Reviews roundup – Evergrey vs. Saxon vs. John Lodge vs. The Carnabys vs. Thomas Charlie Pedersen
The Storm Within
It’s been a while since an Evergrey album was top of my playlist. In fact you’re going back to ‘Monday Morning Apocalypse’ in 2006. So that’s ten years and three albums which have just missed for me. But this one really does buck the trend.
‘The Storm Within’ is an absolute belter and up their with the very best they’ve ever released. Which is saying something for a band twenty years into their career. Of course only Tom S. Englund has been their since the beginning so the buck stops with him, and he’s really pulled out all the stops on this one.
As the title suggests this sees him tackling internal, emotional issues through the medium of prog metal, and it sees them adding in some different shades to their music on the likes of “The Paradox of the Flame”. There is even a duet with Nightwish’s Floor Jansen on “In Orbit” that reminded me that she can actually sing! Even if her other contribution is the albums one forgettable moment.
It’s more laid back than some of their more recent releases which suits the subject matter without taking away from the power. It’s just a different kind of power. However “The Distance” will get old school fans chomping at the bit.
Baptism Of Fire: The Collection 1991-2009
Music Club Deluxe
Where were you in ’79 when the dam began to burst? Well I was at the school but the following year saw me seeing Saxon for the first of many times when they opened for Motorhead at the Edinburgh Odeon. I’ve seen them dozens of times since, most recently with Doro and with a forthcoming tour with Fastway and Girlschool what better time to catch up with them.
And this compilation really is aimed at people like me who may have their entire Carrere catalogue but who drifted away from new releases. It covers all their albums from ‘Solid Ball of Rock’ through to ‘Into the Labyrinth’ across two discs and thirty four tracks.
There’s nothing new here but if you did skip ‘Solid Ball of Rock’, ‘Forever Free’, ‘Dogs of War’, ‘Unleash the Beast’, ‘Metalhead’, ‘Killing Ground’, ‘Lionheart’, ‘The Inner Sanctum’ and ‘Into the Labyrinth’ then this is your chance to development from middle of the rockers into the power metal beasts they became. As well as marvel at some unrelentingly awful album cover art.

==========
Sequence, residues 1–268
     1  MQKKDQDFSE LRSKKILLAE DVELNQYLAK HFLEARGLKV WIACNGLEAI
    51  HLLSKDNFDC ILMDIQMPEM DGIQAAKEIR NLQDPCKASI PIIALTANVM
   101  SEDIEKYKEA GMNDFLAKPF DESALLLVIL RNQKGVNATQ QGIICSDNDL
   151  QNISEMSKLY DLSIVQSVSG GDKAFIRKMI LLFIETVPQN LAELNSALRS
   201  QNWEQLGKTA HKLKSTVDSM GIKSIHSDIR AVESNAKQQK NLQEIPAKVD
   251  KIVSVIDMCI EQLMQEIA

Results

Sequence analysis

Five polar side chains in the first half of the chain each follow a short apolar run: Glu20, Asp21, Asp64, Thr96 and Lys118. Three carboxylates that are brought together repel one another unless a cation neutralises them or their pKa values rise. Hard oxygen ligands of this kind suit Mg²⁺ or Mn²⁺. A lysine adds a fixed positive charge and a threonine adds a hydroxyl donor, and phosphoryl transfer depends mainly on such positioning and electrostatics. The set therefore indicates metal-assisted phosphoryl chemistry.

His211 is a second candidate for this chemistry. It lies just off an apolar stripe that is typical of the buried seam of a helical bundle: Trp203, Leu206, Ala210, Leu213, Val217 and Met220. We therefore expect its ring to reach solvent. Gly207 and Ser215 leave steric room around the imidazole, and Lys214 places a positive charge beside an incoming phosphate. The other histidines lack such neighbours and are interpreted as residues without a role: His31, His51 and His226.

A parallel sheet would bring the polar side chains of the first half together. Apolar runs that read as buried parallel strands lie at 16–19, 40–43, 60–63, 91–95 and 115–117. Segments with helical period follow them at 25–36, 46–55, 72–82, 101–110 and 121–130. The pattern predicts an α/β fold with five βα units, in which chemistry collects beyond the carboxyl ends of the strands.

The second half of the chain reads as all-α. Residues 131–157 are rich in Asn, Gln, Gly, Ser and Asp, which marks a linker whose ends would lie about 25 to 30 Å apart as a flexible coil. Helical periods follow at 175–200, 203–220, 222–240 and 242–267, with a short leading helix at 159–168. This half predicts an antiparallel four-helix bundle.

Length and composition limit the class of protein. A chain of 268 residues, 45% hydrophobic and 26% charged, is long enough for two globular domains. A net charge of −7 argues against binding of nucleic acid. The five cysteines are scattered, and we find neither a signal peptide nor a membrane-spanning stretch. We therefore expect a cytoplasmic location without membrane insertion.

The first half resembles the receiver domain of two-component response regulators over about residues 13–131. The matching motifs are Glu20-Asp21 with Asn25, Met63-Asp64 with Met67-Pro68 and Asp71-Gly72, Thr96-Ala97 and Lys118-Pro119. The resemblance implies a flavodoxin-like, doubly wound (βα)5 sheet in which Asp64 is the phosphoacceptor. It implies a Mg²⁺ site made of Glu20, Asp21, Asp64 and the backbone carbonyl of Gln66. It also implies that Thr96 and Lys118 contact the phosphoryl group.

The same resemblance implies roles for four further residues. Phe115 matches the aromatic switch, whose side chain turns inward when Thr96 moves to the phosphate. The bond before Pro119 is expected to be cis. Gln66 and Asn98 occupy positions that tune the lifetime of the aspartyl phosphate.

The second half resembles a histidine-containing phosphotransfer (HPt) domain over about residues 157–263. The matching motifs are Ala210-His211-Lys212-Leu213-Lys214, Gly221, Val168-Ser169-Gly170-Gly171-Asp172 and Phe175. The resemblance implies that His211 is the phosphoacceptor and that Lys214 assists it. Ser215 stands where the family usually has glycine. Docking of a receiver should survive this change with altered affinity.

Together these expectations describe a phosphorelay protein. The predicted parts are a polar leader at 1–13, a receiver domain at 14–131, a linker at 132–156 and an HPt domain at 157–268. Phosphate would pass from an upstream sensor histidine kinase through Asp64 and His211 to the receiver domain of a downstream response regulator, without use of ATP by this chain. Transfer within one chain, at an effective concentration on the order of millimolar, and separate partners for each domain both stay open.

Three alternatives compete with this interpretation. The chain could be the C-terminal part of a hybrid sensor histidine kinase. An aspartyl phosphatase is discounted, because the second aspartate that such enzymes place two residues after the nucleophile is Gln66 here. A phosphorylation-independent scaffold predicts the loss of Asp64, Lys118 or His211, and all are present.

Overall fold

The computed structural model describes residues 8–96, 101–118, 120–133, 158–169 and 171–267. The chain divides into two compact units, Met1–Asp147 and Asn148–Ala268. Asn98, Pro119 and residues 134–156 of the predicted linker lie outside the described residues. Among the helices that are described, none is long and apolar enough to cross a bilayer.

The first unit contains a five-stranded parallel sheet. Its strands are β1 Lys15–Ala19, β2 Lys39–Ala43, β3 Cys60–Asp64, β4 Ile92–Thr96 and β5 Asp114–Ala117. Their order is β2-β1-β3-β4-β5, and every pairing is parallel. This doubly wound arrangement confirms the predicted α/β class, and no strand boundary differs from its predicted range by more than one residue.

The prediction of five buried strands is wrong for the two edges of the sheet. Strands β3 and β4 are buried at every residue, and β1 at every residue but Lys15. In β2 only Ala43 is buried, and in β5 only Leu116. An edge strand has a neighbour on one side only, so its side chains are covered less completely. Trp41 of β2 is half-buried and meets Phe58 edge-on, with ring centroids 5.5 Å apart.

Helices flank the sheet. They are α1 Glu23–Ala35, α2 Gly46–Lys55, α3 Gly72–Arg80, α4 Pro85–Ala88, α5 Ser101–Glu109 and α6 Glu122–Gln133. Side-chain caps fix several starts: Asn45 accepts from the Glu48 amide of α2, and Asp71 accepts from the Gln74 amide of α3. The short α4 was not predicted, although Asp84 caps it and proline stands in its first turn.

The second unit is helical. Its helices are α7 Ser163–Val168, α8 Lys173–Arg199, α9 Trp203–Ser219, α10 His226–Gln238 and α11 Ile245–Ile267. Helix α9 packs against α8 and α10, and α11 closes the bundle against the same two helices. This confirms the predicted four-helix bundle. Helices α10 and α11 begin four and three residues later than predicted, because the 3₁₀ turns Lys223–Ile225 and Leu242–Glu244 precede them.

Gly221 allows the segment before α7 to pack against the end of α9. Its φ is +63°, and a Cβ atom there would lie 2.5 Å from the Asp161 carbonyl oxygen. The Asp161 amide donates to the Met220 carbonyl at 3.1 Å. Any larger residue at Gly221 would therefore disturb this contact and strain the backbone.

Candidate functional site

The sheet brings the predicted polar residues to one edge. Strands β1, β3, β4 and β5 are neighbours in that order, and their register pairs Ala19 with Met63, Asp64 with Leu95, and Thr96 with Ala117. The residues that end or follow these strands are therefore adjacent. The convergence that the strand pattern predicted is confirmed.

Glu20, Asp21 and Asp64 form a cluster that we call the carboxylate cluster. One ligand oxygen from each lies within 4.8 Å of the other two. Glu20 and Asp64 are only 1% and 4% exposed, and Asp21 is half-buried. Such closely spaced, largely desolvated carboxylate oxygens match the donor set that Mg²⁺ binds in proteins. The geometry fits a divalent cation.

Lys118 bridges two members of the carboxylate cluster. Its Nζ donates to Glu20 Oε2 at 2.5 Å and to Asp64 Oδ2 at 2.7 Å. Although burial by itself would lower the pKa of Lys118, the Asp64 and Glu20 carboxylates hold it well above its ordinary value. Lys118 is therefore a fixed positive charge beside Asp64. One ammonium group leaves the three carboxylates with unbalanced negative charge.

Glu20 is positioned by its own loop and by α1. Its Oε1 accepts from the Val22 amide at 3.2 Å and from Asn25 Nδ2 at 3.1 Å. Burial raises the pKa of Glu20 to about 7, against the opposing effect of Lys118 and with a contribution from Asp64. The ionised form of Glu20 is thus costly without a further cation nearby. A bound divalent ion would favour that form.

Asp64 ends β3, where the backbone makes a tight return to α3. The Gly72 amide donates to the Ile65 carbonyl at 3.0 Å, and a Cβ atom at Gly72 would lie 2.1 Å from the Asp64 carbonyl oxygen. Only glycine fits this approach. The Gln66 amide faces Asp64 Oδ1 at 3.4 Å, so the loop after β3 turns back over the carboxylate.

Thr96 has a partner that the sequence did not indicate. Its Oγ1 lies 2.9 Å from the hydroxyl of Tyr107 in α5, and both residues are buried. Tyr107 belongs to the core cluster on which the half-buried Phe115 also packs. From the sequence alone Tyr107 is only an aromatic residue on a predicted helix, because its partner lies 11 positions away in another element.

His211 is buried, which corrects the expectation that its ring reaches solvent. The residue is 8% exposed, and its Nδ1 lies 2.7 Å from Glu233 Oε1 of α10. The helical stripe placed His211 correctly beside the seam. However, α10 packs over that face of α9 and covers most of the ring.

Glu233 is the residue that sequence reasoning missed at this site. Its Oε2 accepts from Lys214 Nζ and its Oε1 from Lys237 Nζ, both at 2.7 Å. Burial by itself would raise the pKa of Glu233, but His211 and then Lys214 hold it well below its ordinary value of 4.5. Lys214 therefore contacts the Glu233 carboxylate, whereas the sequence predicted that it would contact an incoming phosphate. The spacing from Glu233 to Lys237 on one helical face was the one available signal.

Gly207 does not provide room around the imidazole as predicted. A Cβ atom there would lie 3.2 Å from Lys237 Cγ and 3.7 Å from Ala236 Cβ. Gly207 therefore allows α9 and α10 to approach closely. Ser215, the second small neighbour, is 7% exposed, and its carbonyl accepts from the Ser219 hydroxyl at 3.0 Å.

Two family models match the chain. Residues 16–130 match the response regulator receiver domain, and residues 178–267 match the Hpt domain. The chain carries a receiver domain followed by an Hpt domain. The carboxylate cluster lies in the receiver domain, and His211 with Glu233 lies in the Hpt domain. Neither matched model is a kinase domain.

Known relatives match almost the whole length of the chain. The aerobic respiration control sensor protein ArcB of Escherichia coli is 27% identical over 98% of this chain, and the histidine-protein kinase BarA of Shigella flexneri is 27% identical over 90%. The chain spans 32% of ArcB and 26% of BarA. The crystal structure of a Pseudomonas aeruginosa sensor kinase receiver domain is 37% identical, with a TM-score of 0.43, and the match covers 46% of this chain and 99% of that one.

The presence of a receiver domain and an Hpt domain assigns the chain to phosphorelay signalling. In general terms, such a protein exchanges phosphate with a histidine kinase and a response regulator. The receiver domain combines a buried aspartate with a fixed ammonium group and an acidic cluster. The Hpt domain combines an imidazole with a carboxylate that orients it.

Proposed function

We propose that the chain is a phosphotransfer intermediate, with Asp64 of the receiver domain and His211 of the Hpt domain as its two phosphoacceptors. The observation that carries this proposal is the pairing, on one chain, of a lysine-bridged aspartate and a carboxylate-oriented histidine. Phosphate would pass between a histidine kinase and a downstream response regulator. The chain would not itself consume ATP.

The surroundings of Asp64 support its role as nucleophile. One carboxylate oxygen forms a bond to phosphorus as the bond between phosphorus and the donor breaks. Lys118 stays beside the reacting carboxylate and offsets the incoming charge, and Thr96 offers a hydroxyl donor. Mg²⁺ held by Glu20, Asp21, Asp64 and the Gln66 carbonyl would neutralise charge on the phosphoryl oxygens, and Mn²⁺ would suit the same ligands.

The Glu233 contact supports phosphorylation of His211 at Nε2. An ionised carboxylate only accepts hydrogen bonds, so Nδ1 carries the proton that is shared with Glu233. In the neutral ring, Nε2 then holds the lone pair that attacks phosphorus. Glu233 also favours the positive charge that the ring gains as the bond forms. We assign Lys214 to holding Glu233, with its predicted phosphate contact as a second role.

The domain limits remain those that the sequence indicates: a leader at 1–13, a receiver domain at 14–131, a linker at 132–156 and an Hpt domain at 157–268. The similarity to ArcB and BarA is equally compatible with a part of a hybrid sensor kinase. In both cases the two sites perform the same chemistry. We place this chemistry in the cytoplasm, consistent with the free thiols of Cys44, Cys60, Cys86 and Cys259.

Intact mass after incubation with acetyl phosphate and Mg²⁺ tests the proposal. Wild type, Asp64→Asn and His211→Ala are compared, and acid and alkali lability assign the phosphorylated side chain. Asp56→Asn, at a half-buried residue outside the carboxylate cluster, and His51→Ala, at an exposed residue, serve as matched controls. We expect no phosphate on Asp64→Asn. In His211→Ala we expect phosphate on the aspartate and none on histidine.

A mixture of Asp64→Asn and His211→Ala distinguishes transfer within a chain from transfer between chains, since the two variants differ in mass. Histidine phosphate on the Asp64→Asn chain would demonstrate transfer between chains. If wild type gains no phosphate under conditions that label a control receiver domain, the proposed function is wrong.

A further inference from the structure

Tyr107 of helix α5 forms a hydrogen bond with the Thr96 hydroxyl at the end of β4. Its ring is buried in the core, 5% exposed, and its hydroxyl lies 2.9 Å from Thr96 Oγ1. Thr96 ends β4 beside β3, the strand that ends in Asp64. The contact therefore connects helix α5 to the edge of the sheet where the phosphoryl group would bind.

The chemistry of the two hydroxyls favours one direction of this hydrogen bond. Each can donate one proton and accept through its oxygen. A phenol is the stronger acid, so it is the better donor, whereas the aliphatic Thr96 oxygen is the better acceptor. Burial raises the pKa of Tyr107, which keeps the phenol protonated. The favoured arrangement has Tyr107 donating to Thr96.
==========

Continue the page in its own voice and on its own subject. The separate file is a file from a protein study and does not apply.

It’s out at a budget price and worth every penny.
Isn’t Life Strange
Moody Blues man John Lodge is off on a solo UK tour in September and to mark the occasion he’s put out a rather lovely 7″ single. Yes, vinyl!.
This sees him releasing a new acoustic recording of the Moodies hit “Isn’t Life Strange”, originally on their 1972 album ‘Seventh Sojourn’ coupled with an unplugged version of “Simply Magic” from his solo album ‘10,000 Light Years Ago’.
“Isn’t Life Strange” sees him along with an acoustic guitar with flute and cello and it’s just lovely. Fast forward to last year and the B-side was on his 2015 solo album but it’s as if they were from days apart not decades.
Fans will love it, especially as Mr Lodge has autographed them, and it should whet appetites for his tour.
Too Much Never Enough
Four Horsemen Records
It’s my own fault. I see the phrase “raw, powerful rock’n’roll” and get all moist, only to find out it’s another shuffling indie band who wouldn’t know rock’n’roll if it upped and punched them in the face.
Now if they’d said indie rock then my expectations would have been tempered accordingly. I mean it’s not my cup of tea but I recognise good tune when I hear one, even if it is dowsed with early nineties indie. And The Carnabys have a few tucked away here.
“Great Dane in the Graveyard”, “‘Down He Goes” and “‘Elizabeth” have all got Top 20 in 1994 written all over them and I’m sure the NME back when it was a music rag would have slapped them on the front page with abandon. PS. If you’re going to use my picture on the front cover you could at least send me a sixer o’ Tennents Super.
THOMAS CHARLIE PEDERSEN
Second Hand War
Apparently Thomas Charlie Pedersen is the singer and songwriter of the Danish alternative rock band Vinyl Floor. But this is a solo record and there is nothing alternative or rock about it. Instead this sees him looking to the Laurel Canyon of the seventies for some singer / songwriting confessionals.
It’s one of these emotional offering that document the end of a long-term relationship, so there’s lots of broken heart and wiping snot on your sleeve moments. He seems well suited to this approach with sparse instrumentation and intimate vocals.
In places it gets a wee bit folky, as on “High Dust Devils”, whilst on the likes of “Uneasy Feeling” and “Golden Age” he’s channeling Neil Young and Bob Dylan, which should please people with no taste.
It’s a long way from the Dinosaur Jr and Pixies sounds of his main band and well worth a listen, even if it’s probably three tracks too long. Their website seems to be down as I write but keep trying http://www.vinylfloorband.com/